Background: EU law requires a haemoglobin of > or = 12.5 g/dl for women or > or = 13.5 g/dl for men at the time of donation. As capillary and venous haemoglobin values may differ in the same subject, we examined whether a capillary haemoglobin level of 12.0 g/dl for women or 13.0 g/dl for men, is equivalent to a venous haemoglobin level of > or = 12.5 g/dl and > or = 13.5 g/dl, respectively, to avoid unnecessary loss of blood donations.
Methods: Over a continuous 42-month period, 36 258 paired capillary and venous samples were taken from 25 762 females and 10 496 males, when the capillary haemoglobin was < 12.5 g/dl and < 13.5 g/dl respectively.
Results: Venous haemoglobin levels were higher than capillary levels, with a mean difference of 1.07 g/dl (SD 0.68 g/dl), range -2.2 to +3.25 g/dl for men (P < 0.001), and a mean difference of 0.67 g/dl (SD 0.65 g/dl), range -2.5 to +5.4 g/dl for women (P < 0.001). The difference for the three consecutive winters was 0.78 g/dl (SD 0.081 g/dl) for females and 1.26 g/dl (SD 0.162 g/dl) for males and for the three consecutive summers was 0.56 g/dl (SD 0.089 g/dl) for females and 0.88 g/dl (SD 0.134 g/dl) for males: P < 0.001.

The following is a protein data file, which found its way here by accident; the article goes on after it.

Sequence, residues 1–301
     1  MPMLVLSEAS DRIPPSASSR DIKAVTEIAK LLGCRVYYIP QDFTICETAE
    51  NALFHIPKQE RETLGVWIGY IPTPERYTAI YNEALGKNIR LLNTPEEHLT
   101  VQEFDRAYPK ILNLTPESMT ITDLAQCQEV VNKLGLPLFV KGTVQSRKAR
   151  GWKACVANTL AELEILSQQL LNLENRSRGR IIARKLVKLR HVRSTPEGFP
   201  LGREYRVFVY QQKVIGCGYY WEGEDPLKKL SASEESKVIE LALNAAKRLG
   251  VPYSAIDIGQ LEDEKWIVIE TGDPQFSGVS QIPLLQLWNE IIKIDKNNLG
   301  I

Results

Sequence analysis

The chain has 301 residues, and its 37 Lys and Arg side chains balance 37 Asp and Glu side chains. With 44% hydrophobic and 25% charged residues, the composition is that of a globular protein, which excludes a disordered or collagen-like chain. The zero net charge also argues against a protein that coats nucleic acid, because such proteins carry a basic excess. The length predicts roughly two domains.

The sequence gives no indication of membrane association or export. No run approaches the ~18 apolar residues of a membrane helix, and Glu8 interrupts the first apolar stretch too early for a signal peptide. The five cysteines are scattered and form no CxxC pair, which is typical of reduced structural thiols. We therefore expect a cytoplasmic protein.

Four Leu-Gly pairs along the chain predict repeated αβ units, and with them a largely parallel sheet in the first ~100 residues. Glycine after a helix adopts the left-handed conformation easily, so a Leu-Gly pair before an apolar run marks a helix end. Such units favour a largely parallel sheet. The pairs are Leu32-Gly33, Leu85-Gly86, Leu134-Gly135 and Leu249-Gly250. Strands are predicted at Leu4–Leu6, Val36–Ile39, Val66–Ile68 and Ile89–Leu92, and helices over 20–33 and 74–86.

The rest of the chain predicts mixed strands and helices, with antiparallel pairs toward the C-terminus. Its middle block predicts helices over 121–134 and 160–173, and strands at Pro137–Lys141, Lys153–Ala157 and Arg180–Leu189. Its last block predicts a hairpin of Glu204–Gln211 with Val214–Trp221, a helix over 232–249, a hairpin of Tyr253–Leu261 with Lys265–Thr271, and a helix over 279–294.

Conclusions: Capillary haemoglobin levels of 12.0-12.5 g/dl in healthy females or 13.0-13.5 g/dl in healthy males are substantively equivalent to venous haemoglobin levels of > or = 12.5 and > or = 13.5 g/dl for women and men respectively. This finding has permitted an additional 32 990 blood units to be collected over the period of the study, a gain of 9.4%.